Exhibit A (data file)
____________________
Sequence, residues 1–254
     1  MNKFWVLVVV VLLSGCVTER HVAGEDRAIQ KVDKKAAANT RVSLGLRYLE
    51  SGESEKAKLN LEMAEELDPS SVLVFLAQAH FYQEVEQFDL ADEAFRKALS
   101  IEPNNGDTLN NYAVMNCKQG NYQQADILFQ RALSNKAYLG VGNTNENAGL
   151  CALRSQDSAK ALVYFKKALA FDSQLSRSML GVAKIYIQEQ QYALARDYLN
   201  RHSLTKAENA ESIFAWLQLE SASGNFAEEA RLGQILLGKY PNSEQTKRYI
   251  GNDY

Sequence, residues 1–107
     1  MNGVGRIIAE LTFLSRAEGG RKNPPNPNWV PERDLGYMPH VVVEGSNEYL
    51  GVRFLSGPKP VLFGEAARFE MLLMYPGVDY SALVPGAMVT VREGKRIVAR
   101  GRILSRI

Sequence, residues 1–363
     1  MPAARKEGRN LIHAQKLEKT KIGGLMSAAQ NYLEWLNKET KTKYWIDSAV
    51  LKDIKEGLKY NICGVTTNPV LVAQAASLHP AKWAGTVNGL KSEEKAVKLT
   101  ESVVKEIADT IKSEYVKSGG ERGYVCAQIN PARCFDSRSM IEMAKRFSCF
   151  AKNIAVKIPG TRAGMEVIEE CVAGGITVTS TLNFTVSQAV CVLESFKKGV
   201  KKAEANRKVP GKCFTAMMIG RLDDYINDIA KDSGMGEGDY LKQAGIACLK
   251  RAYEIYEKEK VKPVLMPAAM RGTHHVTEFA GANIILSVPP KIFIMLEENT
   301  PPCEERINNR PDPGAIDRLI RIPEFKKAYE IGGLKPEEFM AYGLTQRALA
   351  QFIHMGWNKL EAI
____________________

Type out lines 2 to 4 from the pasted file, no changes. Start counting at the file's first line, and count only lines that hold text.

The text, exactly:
     1  MNKFWVLVVV VLLSGCVTER HVAGEDRAIQ KVDKKAAANT RVSLGLRYLE
    51  SGESEKAKLN LEMAEELDPS SVLVFLAQAH FYQEVEQFDL ADEAFRKALS
   101  IEPNNGDTLN NYAVMNCKQG NYQQADILFQ RALSNKAYLG VGNTNENAGL